The Process of Reinventing
Science Librarianship
Several speakers put forth ideas about what the science librarian of the near
future may look like in terms of skills, capacities, and institutional positioning.
Three points of general consensus emerged: first, because scientific research is
itself being transformed, science librarians (and their libraries) need to become
more adaptable to changing conditions; second, in order to understand changing
conditions and respond to evolving user needs, science librarians need to focus
more on strategies for library service assessment,
evaluation, and improvement; and finally, the
fundamental role of the science librarian needs to
expand to incorporate skills related to organizing
and manipulating data and data sets.
At the outset of the forum, Richard (Rick) Luce
emphasized that, in an era of e-science, research
libraries need to become nimbler, allowing for more
fluid and dynamic allocation of staff resources.
Emerging forms of scientific practice will require
different kinds of library support at different times.
He envisioned future science libraries that have the
capacity to create multi-skilled information-
management teams on the fly, embedding librarians
within research teams or departments. Science
libraries must develop more flexible staffing structures
in order to be more responsive to the needs of this kind of research. This will, in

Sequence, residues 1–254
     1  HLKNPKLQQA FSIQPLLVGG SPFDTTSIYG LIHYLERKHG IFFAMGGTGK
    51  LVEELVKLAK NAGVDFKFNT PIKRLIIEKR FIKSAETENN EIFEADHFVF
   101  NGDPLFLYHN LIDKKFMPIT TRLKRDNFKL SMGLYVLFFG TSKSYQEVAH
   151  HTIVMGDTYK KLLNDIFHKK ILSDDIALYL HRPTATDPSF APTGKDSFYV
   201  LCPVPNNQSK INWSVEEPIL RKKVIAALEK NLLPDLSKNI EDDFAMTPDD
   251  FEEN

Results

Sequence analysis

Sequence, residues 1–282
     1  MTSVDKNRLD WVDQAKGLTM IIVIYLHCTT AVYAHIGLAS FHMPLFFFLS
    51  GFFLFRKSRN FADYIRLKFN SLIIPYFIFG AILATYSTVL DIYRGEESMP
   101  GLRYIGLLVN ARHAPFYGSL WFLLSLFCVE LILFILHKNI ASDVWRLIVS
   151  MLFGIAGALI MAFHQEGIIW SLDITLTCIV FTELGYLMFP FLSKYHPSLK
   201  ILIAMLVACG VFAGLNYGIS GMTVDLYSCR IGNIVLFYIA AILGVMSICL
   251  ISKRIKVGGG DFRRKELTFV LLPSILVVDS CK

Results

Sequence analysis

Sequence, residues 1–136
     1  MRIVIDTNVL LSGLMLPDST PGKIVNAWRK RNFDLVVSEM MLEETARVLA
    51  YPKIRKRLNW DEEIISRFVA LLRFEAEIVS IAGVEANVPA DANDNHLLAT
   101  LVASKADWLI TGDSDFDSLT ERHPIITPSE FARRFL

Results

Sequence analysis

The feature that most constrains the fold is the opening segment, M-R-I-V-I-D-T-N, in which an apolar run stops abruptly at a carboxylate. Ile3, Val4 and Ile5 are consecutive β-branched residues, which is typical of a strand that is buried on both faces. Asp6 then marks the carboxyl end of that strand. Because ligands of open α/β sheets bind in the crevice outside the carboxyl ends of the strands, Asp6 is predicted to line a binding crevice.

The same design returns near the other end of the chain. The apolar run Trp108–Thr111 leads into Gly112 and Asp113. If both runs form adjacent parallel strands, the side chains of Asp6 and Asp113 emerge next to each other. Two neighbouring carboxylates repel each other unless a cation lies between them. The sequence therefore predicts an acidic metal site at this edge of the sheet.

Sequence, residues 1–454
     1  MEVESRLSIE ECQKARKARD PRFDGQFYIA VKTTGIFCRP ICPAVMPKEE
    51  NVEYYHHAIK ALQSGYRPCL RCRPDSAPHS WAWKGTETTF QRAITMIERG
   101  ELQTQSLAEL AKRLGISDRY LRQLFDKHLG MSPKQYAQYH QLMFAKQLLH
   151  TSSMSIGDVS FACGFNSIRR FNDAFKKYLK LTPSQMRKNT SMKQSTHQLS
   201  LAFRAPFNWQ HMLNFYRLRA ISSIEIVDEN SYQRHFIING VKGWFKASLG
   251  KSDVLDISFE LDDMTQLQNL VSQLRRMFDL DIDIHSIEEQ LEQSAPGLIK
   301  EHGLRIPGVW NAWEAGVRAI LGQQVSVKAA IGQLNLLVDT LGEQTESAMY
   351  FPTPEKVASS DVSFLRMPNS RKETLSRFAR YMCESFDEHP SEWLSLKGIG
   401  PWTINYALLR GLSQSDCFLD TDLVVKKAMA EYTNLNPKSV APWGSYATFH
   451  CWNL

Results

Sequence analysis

turn, require highly adaptable science librarians, in terms of both skill set and
attitude.
Further, as Sayeed Choudhury, Fran Berman, and others suggested, successful
adaptability requires a clear sense of direction, and successful direction requires
effective application of library service assessment and evaluation procedures.
Institutional requirements are diverse, and ever changing. Becky Lyon quipped,
“When you’ve seen one research library, you’ve seen one research library.” In
other words, in order to know how best to serve one’s own institution, one must
understand the particular needs and features of that institution. What works at
one research library will not necessarily port directly to another. Still, as Neil
Rambo suggested later in the forum, librarians should not let their institutional
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FEBRUARY 2009 RESEARCH LIBRARY ISSUES: A BIMONTHLY REPORT FROM ARL, CNI, AND SPARC
Reinventing Science Librarianship: Themes from the ARL-CNI Forum
(
C O N T I N U E D
)
Listen to Rick Luce on the need for more
flexible staffing in science libraries (2:00 MP3)
http://www.arl.org/bm~doc/luceexcerpt.mp3
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